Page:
Katie Hornstein

Academic Appointments

Associate Professor of Art History

Professor Hornstein is a specialist of nineteenth-century French art and visual culture.  Her teaching and research interests include the history of war imagery, nineteenth-century technologies of visual reproduction (print media and photography) and their interaction with more established media, such as painting, the rise of early mass culture, reception theory and history, nineteenth-century material culture, and most recently, the representation of animals.  Professor Hornstein's current book project, Myth and Menagerie: Seeing Lions in Nineteenth-Century France, examines how visual representations of lions provided the basis for approaching a very human set of questions, including most notably issues related to sovereignty, empire and spectacle.   

206 Carpenter Hall
HB 6033
Art History
B.A. University of California, Berkeley, 2001
Ph.D. University of Michigan, 2010

Selected Publications


Picturing War in France, 1792-1856, Yale University Press, 2018.

Horace Vernet and the Thresholds of Nineteenth-Century Visual Culture, eds. Daniel Harkett and Katie Hornstein (Hanover, N.H: University Press of New England, 2017).


“The Saint-Gobain Grande Glace: Transparency and Display Culture at the Exposition Universelle of 1855,” Oxford Art Journal 45:1 (2022). 

“The Lion of Belfort, Max Ernst’s Une semaine de bonté, and the Uses of the Past,” Nineteenth-Century French Studies 49 (3/4: Spring-Summer 2021): 282-304.  

"From Museum to Menagerie: Théodore Géricault and the Leonine Subject," The Art Bulletin, 2019 101:1, 26-47.  

“Suspended Collectivity: Horace Vernet’s The Crossing the Arcole Bridge (1826),” Art History 72:3 (June: 2014): 429-453. (Official Commendation, Malcolm Bowie Prize, French Historical Studies)

« Le Diagraphe et Pantographe de Charles Gavard et l’âge de la reproduction mécanique visuelle en France, » Revue histoire de l’art 71 (2012): 73-83.

“Just Violence? Jacques Callot’s Grandes Misères et Malheurs de la Guerre,” University of Michigan Museums of Art and Archaeology Bulletin, Volume XVI (2005-2006): 29-48.


“Jean-Baptiste Huet’s Lions and the Look of the Captive in Post-Revolutionary France,” Time, Media, and Visuality in Post-Revolutionary France, edited by Richard Taws and Iris Moon (London: Bloomsbury, 2021), 103-124 (invited and peer-reviewed). 

“Henri Durand-Brager and the Question of the Panoramic,” to appear in L’art de la bataille. Stratégies visuelles de la scène de bataille de la Renaissance à nos jours, ed. Pauline Lafille and Jerome Delaplanche, L’Académie de France à Rome – Villa Médicis, in press, expected 2022. 

Editor of ANIMAL (issue 7: Spring 2018) Journal 18.  

"The Territorial Imaginary of the Revolutionary and Napoleonic Wars," in Visual Culture of the Revolutionary and Napoleonic Wars, eds. Satish Padiyar, Philip Shaw, Philippa Simpson (London: Routlege, 2016), 13-24.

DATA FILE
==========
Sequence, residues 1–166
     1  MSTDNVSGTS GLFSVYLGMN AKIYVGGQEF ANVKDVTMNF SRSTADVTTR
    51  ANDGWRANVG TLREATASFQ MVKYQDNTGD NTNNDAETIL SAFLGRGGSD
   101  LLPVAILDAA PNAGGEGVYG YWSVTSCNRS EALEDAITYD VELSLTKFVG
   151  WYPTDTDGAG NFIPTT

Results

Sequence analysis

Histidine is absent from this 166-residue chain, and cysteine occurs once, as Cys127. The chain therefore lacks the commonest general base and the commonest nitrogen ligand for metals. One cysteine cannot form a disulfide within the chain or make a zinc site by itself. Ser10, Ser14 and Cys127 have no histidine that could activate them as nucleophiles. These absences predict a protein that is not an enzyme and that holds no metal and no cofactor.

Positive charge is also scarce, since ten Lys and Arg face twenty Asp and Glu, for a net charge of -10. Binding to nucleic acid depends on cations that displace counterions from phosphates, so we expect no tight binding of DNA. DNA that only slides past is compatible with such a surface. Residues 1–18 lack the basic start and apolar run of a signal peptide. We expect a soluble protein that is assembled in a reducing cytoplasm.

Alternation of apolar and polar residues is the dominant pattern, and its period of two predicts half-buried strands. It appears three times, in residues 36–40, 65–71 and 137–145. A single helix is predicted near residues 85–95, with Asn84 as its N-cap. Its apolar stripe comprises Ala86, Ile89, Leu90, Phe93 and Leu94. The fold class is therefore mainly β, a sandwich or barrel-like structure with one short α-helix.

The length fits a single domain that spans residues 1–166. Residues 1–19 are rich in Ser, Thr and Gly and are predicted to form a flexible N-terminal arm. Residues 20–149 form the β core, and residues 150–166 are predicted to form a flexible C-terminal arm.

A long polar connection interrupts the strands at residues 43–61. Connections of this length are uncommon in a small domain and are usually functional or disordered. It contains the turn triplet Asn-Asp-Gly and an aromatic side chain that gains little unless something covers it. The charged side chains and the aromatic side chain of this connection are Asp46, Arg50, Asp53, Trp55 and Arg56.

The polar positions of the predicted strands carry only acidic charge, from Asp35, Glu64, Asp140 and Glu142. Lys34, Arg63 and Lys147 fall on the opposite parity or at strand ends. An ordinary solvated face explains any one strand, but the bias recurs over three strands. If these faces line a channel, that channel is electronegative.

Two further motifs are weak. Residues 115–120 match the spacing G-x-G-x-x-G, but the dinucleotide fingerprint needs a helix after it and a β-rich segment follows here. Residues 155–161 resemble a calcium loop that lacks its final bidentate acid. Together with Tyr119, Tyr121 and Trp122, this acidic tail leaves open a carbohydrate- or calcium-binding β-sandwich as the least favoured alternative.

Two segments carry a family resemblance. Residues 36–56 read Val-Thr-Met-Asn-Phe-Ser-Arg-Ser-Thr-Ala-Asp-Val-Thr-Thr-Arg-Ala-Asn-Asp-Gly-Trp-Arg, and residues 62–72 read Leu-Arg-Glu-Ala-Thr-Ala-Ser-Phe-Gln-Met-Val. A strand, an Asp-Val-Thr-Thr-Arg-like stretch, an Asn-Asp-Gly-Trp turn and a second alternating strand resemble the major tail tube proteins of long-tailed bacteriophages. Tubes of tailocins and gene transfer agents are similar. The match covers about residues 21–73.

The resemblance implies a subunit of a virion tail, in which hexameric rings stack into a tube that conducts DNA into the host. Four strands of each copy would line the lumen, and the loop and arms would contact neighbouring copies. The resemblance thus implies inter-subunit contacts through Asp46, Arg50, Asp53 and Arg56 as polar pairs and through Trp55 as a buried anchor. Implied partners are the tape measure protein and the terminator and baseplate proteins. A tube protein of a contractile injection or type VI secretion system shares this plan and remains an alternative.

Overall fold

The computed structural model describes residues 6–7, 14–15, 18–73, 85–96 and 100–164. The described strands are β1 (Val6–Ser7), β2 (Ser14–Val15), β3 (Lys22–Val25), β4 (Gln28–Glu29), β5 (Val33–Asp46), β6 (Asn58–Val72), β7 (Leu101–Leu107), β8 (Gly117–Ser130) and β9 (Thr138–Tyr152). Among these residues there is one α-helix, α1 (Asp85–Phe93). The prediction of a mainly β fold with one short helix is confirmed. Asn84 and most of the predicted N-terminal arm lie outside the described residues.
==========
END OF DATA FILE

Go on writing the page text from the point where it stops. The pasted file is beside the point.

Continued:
“Horace Vernet’s Capture of the Smahla (1845): Reportage and Actuality in the Early French Illustrated Press,” in Getting the Picture: The History and Visual Culture of the News, edited by Jason Hill and Vanessa Schwartz (London: Bloomsbury, 2015), 246-251. 

 “An Unhappy Rivalry: Art and Industry at the Exposition Universelle of 1855 in Paris,” in Meet Me at the Fair: A World’s Fair Reader, edited by Celia Pearce and Laura Hollengreen (Pittsburgh: Carnegie-Mellon ETC University Press, 2014), 169-174.  

Book and exhibition reviews: 

Les animaux du roi, Château de Versailles, Versailles, France, October 12, 2021 – February 13, 2022. Curated by Alexandre Maral and Nicolas Milovanovic. Scenography: Guicciardini & Magni Architetti. Lighting: Lionel Coutou.  Exhibition review, Journal18. Spring 2022.  

Julia Thoma, The Final Spectacle. Military Painting under the Second Empire, 1855-1867 (Berlin/Boston: Walter de Gruyter, 2019). Nineteenth-Century Art Worldwide 19:1 (Spring 2020).  

Bette W. Oliver, Jean-Baptiste-Pierre Le Brun: In Pursuit of Art (1748-1813) (Landham, MI: Hamilton Books, 2018). H-France, 2019.

Rome, Travel and the Sculpture Capital, c.1770–1825, ed. Tomas Macsotay (London and New York: Routledge, 2017). Sculpture Journal, 2019. 

Of Elephants & Roses: French Natural History, 1790-1830, Memoirs of the American Philosophical Society held at Philadelphia for Promoting Useful Knowledge, vol. 267, edited by Sue Anne Prince (Philadelphia: The American Philosophical Society, 2013). CAA Reviews, 2017.

Stephen Bann, Distinguished Images: Prints and the Visual Economy in Nineteenth-Century France. New Haven and London: Yale University Press, 2013. H-France, 2014.

Richard Taws, The Politics of the Provisional: Art and Ephemera in Revolutionary France. University Park: Pennsylvania State University Press, 2013. CAA Reviews, 2014.

Conflicting Visions: War and Visual Culture in Britain and France, c. 1700-1830. Edited by John Bonehill and Geoff Quilley.  Ashgate: London, 2005. Montage, 2008: http://www.uiowa.edu/~montage/issues/2008/

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Works in progress

Myth and Menagerie, Seeing Lions in France, 1793-1900, book manuscript in progress, under contract with Yale University Press, expected Fall 2022.  

Selected works and activities

Professor Arthur M. Wilson and Mary Tolford Wilson Faculty Fellowship/ Senior Faculty Grant, Dartmouth College, 2020-2021

ACLS Fellowship, 2018-2019

Chercheur accueillie, Centre Alexandre Koyré, EHESS/CNRS/MNHN, Paris, France, 2018-2019

John M. Manley Huntington Award for Newly Tenured Faculty, 2018 

Jacobus Family Award, 2018

Millard Meiss Publication Fund Grant for Picturing War in France, 1792-1856, College Art Association, 2017

Runner-up, Malcolm Bowie Prize, French Historical Studies, “Suspended Collectivity: Horace Vernet’s The Crossing of the Arcole Bridge (1826),” 2015